Saturday, July 21, 2012

Saturday's postcards: Two greetings from 100+ years ago

These two vintage postcards don't seem like anything special on the front. They're "commons" that might be sold for a dime or quarter. Or they might be placed in packs of 20 "assorted" postcards, essentially as filler. But they have stories, too.

To me, the interest in these postcards is on the back, in the notes that were written more than a century ago.

This flowery "Greetings" card was postmarked on July 24, 1908, in Norristown, Pennsylvania. (I like the elongated postmark with its Francis Hopkinson version of the 13-star United States flag.1)

The postcard is from Papa and it was mailed to Wesley K. Swartley in Tamaqua, Pennsylvania. The note, with its odd mixture of capitalization and non-capitalization, reads:
Dear Wesley,
We were down to Phila by Trolley on sunday, it was A very hot day, hope you have A good time
From Papa
Thanks to online genealogy records, I think I have figured out the identities of everyone mentioned in this postcard.3

Wesley K. Swartley was born on March 31, 1899, and thus would have been 9 years old when he received this.

Wesley was the son of Sylvester H. Swartley and Ida Knepper. Sylvester was a master painter and paper-hanger. The Swartley family lived in Norristown and was of the Lutheran faith.

The postcard was mailed to Tamaqua in care of Harry Knepper (I really thought that was Kneffer in cursive writing), who is Ida's brother and Wesley's uncle.

Wesley grew up to marry a woman named Katie. When the 1940 census was taken, he and Katie were living in Norristown and had a 10-year-old son named Wesley Jr. The three of them were living in a home valued at $3,000 and Wesley Sr. had grown up to be a paper-hanger, like his father.

This "Remember Me" postcard was mailed to Mrs. Mattie Taggert in Nickerson, Kansas. It was postmarked at 6 p.m. on December 30, 1910, in Stanton, Iowa.4

The period-challenged note reads:
Dear Mattie
well we did not see you Christmas again I think the weather is staying just on purpose for you to come up to see us we are all well and have pretty good appetites I have not had any chicken pie lately though I am still waiting for the letter you owe me We got the Christmas package all right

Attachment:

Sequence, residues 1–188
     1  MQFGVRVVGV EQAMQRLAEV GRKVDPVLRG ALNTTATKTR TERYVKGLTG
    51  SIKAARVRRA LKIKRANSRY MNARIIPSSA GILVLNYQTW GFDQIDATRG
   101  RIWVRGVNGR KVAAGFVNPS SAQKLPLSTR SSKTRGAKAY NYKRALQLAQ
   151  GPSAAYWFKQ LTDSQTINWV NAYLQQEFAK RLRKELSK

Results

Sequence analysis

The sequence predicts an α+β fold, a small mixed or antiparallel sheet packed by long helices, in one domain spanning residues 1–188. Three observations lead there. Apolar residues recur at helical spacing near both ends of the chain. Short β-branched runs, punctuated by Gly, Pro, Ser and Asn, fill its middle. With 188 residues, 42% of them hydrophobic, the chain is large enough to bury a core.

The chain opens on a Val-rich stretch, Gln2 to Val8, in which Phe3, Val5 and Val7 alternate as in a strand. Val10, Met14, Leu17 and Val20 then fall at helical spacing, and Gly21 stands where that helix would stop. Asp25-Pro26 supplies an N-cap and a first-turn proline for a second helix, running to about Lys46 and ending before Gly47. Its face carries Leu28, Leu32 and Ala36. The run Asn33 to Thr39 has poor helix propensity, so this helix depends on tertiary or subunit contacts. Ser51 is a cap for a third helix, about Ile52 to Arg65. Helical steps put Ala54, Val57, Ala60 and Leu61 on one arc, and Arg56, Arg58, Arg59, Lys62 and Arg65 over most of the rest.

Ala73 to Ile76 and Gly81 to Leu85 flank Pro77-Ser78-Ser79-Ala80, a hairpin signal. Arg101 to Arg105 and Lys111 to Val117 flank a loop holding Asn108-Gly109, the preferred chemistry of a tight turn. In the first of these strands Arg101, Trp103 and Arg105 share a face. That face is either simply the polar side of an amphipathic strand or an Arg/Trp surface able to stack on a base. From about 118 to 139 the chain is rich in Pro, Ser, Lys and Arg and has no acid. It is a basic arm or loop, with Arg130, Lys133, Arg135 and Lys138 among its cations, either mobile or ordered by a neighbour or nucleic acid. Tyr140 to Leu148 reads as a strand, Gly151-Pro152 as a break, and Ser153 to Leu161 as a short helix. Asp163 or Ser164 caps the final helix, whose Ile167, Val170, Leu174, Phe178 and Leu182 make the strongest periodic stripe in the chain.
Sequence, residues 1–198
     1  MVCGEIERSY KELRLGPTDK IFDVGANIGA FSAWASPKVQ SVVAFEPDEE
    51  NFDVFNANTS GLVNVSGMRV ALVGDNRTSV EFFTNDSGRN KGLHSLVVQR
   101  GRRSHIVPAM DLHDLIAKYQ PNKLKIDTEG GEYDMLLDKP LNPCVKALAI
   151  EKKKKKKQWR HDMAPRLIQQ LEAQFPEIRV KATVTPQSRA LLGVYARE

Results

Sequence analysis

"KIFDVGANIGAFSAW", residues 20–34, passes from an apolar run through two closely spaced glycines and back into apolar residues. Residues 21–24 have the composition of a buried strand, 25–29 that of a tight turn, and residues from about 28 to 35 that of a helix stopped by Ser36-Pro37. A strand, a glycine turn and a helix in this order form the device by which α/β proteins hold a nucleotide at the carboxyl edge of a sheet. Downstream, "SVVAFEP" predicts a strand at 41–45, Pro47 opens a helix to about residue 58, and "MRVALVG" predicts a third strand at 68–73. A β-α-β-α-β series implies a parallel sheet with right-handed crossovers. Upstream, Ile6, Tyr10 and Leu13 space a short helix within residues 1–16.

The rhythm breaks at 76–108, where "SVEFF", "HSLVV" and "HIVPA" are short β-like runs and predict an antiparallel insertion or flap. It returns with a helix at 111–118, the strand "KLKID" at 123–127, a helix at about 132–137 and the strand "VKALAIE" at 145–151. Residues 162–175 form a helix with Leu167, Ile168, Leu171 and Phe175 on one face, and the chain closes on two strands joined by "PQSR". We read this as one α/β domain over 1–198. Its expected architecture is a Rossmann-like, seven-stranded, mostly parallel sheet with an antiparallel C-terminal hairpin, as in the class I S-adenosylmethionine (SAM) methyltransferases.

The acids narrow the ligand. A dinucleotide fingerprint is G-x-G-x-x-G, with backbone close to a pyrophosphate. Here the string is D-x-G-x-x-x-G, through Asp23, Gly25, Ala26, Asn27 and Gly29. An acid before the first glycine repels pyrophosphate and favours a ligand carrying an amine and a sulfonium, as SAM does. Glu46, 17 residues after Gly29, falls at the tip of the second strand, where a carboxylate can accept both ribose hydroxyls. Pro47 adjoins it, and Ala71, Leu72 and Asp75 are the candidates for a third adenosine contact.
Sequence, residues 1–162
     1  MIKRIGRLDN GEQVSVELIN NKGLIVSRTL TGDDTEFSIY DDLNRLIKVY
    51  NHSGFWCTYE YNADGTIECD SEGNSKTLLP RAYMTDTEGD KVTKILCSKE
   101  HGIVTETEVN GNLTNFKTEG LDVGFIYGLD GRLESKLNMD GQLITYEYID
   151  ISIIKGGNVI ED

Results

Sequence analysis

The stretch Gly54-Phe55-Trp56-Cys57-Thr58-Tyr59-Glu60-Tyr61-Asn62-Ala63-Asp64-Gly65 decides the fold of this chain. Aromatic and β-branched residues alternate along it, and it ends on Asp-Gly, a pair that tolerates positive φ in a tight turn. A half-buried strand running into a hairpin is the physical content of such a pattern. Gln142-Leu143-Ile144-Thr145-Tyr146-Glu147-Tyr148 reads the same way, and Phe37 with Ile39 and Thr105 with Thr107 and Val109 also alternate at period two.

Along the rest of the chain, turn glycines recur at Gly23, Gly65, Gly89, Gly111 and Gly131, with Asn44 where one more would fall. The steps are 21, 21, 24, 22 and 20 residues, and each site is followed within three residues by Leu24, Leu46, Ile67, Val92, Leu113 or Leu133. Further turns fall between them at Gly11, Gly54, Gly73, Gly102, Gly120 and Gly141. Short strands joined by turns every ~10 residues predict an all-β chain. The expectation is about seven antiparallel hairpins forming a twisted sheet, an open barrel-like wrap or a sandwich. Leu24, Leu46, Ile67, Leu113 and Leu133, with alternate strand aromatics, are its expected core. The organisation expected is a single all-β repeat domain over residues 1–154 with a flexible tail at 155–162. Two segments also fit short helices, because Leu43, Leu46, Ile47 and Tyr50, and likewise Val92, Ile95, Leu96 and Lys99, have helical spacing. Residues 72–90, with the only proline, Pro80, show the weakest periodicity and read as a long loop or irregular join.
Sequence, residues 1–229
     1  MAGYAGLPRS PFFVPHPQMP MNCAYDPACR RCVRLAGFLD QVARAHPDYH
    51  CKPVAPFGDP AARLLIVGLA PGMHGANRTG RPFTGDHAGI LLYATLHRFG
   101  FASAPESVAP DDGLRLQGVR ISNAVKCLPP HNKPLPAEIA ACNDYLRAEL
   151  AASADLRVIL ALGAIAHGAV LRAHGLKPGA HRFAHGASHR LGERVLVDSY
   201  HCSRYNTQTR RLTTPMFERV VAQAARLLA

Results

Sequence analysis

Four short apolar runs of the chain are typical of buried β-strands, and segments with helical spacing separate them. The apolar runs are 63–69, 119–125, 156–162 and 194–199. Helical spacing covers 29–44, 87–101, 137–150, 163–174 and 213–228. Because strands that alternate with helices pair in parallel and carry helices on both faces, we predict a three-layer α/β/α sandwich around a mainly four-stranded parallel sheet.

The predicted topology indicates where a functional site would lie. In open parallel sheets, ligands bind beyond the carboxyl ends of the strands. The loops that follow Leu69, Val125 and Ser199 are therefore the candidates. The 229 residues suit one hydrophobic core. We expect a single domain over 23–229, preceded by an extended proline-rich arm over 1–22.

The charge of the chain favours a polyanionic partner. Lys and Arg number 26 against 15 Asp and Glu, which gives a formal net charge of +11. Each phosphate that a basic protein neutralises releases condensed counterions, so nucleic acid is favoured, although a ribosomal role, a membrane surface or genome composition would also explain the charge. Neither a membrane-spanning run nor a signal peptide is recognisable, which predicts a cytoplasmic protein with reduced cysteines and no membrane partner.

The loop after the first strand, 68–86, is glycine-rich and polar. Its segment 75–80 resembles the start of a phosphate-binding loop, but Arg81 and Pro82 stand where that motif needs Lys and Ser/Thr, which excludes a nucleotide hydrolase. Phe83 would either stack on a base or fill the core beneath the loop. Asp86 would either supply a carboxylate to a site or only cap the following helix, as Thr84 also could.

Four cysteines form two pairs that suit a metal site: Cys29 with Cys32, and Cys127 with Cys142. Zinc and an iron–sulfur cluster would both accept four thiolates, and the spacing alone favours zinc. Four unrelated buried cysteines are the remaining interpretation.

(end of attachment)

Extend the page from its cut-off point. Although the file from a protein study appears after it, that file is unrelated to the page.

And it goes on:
Nickerson and Stanton are about 360 miles apart (perhaps further, depending on what avenues of transportation were available then), so it would have been quite a production for Mattie to make a December or January trip to visit the writers of this postcard in 1910/11.

If Mattie had access to a car (unlikely) and the roads were good (unlikely) and the weather held out (dicey), it might have been possible to make the trip in 3-4 days, with stops in the likes of Salina, Junction City, Topeka and Nebraska City. More likely, such a trip would have required a cobbled-together itinerary employing multiple modes of transportation.

That's a lot of work to have some chicken pie.

As far as who Mrs. Mattie Taggert was, the best clue comes from this genealogy page, which states that a Mattie Snyder was born on November 24, 1888, in La Crosse, Kansas. She married Andrew Taggart5 on August 5, 1906, in Hennessey, Oklahoma. They had three children -- Rector Dee, Ivan Lee and Arlene Ellen.

1. The differences between this postmark and the Francis Hopkinson flag are its exaggerated width (of course) and the fact that it uses five-pointed stars. Hopkinson's design called for six-pointed stars.
2. Based on the postmark, the "Sunday" that Papa refers to would have been July 19, 1908. I can't find those weather records for Philadelphia. But here are some notable things that happened on that date:
3. Sources include:
4. Stanton, Iowa, has a couple of claims to fame: (1) its two water towers, which are painted and shaped like a giant coffee pot and coffee cup; (2) some of the victims of the Titanic sinking had Stanton connections. Former Stanton residents Ernest Gilbert Danbom and Anna Sigrid Maria Danbom, along with their infant child Gilbert Sigvard Emanuel Danbom, were returning to the United States from a year-long trip to Sweden and were planning to start a fruit farm in California. All three died when the unsinkable ship went down.
5. The page has references to both Taggert and Taggart, which is not necessarily problematic.


  1. This is so neat. I have been collecting postcards for 40 years but it never occurred to me to do genealogical research on the writers and recipients. I guess I started collecting before the PC and Internet. Thanks for sharing this added interesting side to postcard collecting. I will definitely get out some of my oldest cards and try to do research on them.

  2. Hey, I have that Remember Me postcard with the gorgeous rose on it! I love old post cards! I like to use them in my collages, but some of them are so wonderful that I can't part with them! The beautiful illustrations, the messages on the back from "the voices of the past" can I let them go? A lot of times I just use my copier and make copies to use in my art!

  3. It appears that Wesley Swartley, Jr. met a sad and untimely passing, as described in the Indiana Gazette on October 9, 1946: